Yizhar, O., Fenno, L. E., Prigge, M., Schneider, F., Davidson, T. J., O’Shea, D. J., Sohal, V. S., Goshen, I., Finkelstein, J., Paz, J. T., Stehfest, K., Fudim, R., Ramakrishnan, C., Huguenard, J. R., Hegemann, P., & Deisseroth, K. (2011). Neocortical excitation/inhibition balance in information processing and social dysfunction. Nature, 477(7363), 171-178. doi:10.1038/nature10360
Severe behavioral deficits in psychiatric diseases such as autism and schizophrenia have been hypothesized to arise from elevations in the cellular balance of excitation and inhibition (E/I balance) within microcircuitry in the brain. This novel study used optogenetic tools to investigate this hypothesis in freely moving mammals, and to explore the associated circuit physiology. Elevation, but not reduction, of cellular E/I balance within the mouse medial prefrontal cortex was found to elicit a profound impairment in cellular information processing, associated with specific behavioral impairments and increased high-frequency power in the 30-80 Hz range, which have both been observed in clinical conditions in humans. Consistent with the E/I balance hypothesis, the opposite thereof partially rescued social deficits caused by E/I balance elevation. These results provide support for the elevated cellular E/I balance hypothesis of severe neuropsychiatric disease-related symptoms.
Bocchiaro, P. & Zimbardo, P. G. (2010). Defying unjust authority: An exploratory study. Current Psychology, 29(2), 155-170. doi: 10.1007/s12144-010-9080-z
This study examined disobedience in the face of unjust authority. Participants were asked to give increasingly hostile comments to a participant/victim whenever he failed a trial. In order to better understand some of the cognitive and affective processes that may predict such defiant behavior, we utilized a variety of measures, among them, behavioral observations, individual difference assessments, and in-depth post-experimental interviews. Although 30% of the sample followed commands to insult the other participant (confederate), the majority refused to do so at some point in the escalating hostility sequence. The procedure utilized conditions known from prior research to increase the ratio of disobedience to obedience such as proximity of teacher to learner.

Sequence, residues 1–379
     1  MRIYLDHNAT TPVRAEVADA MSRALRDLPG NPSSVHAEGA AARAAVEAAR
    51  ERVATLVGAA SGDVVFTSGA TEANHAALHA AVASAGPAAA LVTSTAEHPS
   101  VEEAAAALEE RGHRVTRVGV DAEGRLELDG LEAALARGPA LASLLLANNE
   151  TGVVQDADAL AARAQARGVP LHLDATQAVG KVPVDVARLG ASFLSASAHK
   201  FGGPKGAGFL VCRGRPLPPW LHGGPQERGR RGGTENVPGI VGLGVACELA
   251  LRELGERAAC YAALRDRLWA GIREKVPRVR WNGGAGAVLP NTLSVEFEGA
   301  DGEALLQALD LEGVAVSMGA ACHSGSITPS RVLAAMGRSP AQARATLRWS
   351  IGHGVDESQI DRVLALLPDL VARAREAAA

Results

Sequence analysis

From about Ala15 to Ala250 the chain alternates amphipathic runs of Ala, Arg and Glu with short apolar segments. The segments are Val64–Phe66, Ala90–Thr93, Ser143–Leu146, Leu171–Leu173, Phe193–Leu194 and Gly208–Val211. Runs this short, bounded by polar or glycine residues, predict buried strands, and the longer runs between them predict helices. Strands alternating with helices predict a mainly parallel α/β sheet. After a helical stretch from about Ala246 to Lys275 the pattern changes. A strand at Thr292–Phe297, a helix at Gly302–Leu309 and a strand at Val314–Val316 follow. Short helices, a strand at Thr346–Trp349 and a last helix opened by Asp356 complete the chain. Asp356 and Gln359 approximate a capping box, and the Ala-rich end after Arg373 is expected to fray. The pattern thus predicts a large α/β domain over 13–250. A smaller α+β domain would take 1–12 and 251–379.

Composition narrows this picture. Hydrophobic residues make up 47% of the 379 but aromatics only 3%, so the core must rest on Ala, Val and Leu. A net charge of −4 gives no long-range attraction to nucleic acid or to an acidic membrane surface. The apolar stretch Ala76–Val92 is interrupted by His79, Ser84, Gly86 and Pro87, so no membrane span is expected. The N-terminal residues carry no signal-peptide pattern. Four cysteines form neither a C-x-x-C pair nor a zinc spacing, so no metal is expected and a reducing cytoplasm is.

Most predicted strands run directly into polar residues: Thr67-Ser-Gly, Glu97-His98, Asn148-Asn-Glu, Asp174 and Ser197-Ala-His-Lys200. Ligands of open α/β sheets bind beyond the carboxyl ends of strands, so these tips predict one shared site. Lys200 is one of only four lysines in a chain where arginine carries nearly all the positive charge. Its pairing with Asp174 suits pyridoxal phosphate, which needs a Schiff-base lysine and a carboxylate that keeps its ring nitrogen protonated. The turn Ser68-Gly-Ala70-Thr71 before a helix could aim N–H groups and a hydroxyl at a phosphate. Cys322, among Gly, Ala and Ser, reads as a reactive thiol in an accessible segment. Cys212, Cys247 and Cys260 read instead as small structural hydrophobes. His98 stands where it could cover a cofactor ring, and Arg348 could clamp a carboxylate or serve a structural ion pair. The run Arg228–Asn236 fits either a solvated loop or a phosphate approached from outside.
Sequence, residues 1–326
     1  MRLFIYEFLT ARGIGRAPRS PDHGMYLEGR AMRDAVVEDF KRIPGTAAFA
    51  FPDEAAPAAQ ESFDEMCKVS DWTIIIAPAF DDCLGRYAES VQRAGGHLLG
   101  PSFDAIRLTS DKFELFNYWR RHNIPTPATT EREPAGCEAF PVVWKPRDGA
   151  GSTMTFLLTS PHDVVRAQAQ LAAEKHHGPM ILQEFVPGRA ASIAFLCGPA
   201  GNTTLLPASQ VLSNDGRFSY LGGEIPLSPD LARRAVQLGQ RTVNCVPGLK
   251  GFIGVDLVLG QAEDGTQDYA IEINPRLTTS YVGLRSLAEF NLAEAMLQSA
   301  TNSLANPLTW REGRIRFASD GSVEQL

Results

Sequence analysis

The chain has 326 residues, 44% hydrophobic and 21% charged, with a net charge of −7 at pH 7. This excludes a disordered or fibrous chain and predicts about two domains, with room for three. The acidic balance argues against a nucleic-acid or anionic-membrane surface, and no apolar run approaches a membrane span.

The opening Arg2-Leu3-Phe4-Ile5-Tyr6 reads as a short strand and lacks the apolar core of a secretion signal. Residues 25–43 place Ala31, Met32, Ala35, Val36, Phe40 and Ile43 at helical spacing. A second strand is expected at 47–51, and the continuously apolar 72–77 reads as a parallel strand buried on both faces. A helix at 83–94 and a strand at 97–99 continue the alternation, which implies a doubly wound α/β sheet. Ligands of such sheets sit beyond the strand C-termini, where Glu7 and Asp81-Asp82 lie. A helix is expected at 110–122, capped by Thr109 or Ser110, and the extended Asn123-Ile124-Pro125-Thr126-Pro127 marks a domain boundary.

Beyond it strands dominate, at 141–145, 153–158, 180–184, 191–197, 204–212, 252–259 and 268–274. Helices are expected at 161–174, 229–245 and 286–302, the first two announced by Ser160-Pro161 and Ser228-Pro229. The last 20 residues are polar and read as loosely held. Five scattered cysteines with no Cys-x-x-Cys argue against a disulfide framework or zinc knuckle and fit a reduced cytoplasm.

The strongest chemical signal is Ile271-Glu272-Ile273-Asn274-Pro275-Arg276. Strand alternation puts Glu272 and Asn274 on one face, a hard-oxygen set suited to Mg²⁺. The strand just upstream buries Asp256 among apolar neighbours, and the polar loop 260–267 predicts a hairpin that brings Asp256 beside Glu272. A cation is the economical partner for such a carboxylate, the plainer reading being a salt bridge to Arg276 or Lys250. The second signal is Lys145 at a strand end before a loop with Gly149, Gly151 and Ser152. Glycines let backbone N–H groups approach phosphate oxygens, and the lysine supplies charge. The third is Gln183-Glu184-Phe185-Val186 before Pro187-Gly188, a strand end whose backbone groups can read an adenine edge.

Goetz, J. L., Keltner, D., & Simon-Thomas, E. (2010). Compassion: An evolutionary analysis and empirical review. Psychological Bulletin, 136(3), 351-374. doi:10.1037/a0018807
This study aimed to answer the questions: What is compassion? And how did it evolve?
This review article integrates three evolutionary arguments that converge on the hypothesis that compassion evolved as a distinct emotional experience whose primary function is to facilitate cooperation and protection of the weak and those who suffer. Compassion elicits distinct thought processes tuned toward undeserved suffering; distinct behavior related to caregiving patterns of touch, posture, and vocalization; and a phenomenological experience and physiological response that orients the individual to social approach. This response profile of compassion differs from those of distress, sadness, and love, suggesting that compassion is indeed a distinct emotion. The article concludes by considering how compassion shapes moral judgment and action, how it varies across different cultures, and how it may engage specific patterns of neural activation, as well as emerging directions of research.
Cooper, J. C., Kreps, T. A., Wiebe, T., Pirkl, T., & Knutson, B. (2010). When giving is good: Ventromedial prefrontal cortex activation for others’ intentions. Neuron, 67(67), 511-521. doi:10.1016/j.neuron.2010.06030
This study examined whether brain regions associated with judging other people’s intentions would react differently in the face of altruistic versus selfish motives. Participants took part in an economic game during functional magnetic resonance imaging. When the game was described in terms of donations, ventromedial prefrontal cortex (VMPFC) activation increased for inferring generous play and decreased for inferring selfish play.